Devolution: Inclusive Governance and Economic Transformation
Deliberations with Mr. Patrick Karanja on the impact of Devolution to inclusive governance and whether it leads to economic transformation.
“Devolution is different from Delegation.”
We have just concluded the Third Episode of the Devolution Series focusing on Inclusive Governance and Economic Transformation looking at Kenya, which is in the 6th year after devolving.
Mr. Patrick Karanja who was our guest is the acting Director for Intergovernmental Relations in the Ministry of Devolution, Kenya. His mandate in the Ministry is to facilitate harmonious relations between the National and County Governments. Karanja was also a member of the Task Force that Developed the five Devolution Laws.
In the conversation hosted by Trevor Ncube, (In Conversation with Trevor), Karanja walked us through the important aspects of devolving and the impact of devolution to communities and whether devolving results in the economic growth of especially the marginalised communities.
Karanja made it clear that devolution is not an easy thing as it means sharing power and resources which he said is uncommon for most African governments. Karanja pointed out that just having the concept of devolution in the constitution is not enough as the constitutional provisions should be accompanied by enabling acts that truly lead to a devolved state.
Karanja noted that devolution leads to economic transformation. He said, “It is now six years after devolution in Kenya and most people can attest that the development they have witnessed in the past six years far outweighs the development that had happened since independence until the country devolved.”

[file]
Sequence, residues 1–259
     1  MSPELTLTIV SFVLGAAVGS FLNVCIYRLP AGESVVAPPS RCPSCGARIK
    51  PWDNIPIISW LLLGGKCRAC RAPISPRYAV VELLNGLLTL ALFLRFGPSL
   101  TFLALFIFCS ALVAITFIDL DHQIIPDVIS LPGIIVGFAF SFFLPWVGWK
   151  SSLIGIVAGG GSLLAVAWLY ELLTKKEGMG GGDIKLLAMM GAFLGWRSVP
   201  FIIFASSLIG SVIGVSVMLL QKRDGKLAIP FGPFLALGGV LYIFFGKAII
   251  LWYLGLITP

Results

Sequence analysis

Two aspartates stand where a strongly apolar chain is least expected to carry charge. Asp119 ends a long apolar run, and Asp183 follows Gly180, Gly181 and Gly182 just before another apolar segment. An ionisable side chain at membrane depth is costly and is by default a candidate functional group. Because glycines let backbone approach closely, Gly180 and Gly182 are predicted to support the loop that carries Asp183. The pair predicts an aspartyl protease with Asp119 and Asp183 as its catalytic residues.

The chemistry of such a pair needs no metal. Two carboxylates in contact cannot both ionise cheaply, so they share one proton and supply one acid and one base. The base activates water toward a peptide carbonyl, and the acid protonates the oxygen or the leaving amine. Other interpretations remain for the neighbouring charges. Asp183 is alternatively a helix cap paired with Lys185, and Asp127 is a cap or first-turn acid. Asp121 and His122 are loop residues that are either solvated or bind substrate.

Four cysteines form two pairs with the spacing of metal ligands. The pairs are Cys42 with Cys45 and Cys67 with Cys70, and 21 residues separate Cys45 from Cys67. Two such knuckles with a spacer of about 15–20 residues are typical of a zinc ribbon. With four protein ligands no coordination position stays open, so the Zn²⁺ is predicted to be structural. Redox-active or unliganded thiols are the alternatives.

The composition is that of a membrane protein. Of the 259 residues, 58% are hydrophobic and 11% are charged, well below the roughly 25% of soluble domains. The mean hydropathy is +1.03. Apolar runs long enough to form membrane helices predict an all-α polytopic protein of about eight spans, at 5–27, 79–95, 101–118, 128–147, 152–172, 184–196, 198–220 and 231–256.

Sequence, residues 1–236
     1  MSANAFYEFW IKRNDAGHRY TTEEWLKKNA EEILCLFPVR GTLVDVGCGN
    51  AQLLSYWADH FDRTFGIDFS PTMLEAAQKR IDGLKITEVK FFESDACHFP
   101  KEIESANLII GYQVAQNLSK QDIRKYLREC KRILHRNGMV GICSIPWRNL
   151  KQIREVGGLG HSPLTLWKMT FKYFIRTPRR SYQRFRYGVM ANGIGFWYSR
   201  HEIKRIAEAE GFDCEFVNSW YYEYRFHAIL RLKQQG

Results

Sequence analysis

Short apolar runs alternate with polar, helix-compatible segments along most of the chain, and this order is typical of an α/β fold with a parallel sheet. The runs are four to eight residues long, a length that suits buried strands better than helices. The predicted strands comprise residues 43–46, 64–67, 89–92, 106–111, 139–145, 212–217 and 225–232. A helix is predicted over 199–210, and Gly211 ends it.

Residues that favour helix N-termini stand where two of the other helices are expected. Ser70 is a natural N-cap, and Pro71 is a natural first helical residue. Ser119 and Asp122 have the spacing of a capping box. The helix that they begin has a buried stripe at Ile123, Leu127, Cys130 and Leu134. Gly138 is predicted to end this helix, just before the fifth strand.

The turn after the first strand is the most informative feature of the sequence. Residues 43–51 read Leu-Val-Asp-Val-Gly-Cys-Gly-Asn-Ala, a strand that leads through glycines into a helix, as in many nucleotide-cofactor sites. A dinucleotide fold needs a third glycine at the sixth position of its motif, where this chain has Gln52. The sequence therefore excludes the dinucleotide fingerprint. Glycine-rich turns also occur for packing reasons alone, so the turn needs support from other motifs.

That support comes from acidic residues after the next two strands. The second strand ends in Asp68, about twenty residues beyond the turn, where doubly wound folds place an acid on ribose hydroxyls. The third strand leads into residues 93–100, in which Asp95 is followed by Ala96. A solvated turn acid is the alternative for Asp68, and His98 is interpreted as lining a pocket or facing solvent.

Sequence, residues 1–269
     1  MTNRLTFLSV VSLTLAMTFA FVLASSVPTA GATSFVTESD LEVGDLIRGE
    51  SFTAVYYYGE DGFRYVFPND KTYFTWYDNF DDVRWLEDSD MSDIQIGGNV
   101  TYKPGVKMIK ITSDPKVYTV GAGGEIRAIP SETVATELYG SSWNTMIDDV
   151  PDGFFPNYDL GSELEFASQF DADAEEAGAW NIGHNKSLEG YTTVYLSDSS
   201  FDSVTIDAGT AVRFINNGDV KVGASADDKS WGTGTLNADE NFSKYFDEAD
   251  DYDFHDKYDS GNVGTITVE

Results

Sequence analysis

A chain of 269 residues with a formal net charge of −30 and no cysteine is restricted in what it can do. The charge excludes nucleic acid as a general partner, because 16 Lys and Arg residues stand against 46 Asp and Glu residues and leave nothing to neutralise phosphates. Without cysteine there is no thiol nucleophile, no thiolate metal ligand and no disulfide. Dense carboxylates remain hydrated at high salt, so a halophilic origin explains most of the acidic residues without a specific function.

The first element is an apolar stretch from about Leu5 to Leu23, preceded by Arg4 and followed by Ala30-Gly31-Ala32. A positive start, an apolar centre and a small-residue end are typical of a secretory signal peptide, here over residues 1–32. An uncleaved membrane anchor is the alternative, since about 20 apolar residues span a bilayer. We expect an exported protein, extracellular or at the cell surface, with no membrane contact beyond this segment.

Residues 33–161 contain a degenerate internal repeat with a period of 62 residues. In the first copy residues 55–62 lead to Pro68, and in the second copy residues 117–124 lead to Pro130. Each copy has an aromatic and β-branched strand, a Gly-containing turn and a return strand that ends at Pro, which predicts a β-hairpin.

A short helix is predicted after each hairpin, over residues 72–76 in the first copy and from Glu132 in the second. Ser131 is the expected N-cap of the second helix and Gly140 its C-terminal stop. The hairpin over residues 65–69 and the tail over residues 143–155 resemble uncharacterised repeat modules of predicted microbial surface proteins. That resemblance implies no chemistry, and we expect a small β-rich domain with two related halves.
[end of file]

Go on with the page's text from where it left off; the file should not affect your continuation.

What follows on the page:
He explained that devolution could transform political culture as even the counties that are in the hands of the opposition in Kenya work very well with the central government to achieve development. He noted, “In Kenya, you can never tell which party runs which county unless you are told.” He said in their governance of the different counties, leaders serve their communities and are not political when discharging their duties and this is something we are yearning for in Zimbabwe.
Karanja also said it was important to ensure that devolution gets accepted by all parties. He believes devolution does not mean that taxpayers will be overburdened and explained that if done properly a devolved state will have its citizens paying the same taxes as before devolution but have their taxes used to develop their communities.
In his lessons for Zimbabwe, Karanja emphasized the need to have devolution accepted by all, need for clarity on the recourses devolved provinces will get from the national purse, ensure that functions of central and devolved governments are clear and continuous capacity building for the devolved provinces. Karanja also told Zimbabwe that accountability is very key in ensuring the economic transformation of communities and said without it, there could be the misuse of resources, which will defeat the objectives of devolving.
For those that fear devolution could lead to a fragmented state, Karanja advised that while devolving it is important to ensure that while provinces become autonomous from the central government the country should remain unitary and said Kenya had remained one despite the challenges in the beginning.
ZimRights is thankful for the brilliant insights and sharing of experience by Mr. Karanja and hopes policymakers will tap into this conversation and ensure that indeed devolution in Zimbabwe brings change especially to the marginalized communities and populations. We remain indebted to Trevor Ncube and the AMH group for hosting these important conversations that matter. We thank the Embassy of Switzerland in Zimbabwe for making it possible to bring great minds to the devolution conversation.
You can watch the whole program on ZimRights LIVE Facebook Page here https://www.facebook.com/watch/live/?v=352763955896868&ref=notif¬if_id=1599727173606816¬if_t=live_video
Do not miss our conversation next week when we host H.E. Mr. Niculin Jäger, Ambassador of Switzerland to Zimbabwe, Malawi, and Zambia as he unpacks how Switzerland managed to create equity, authentic participation, and direct democracy.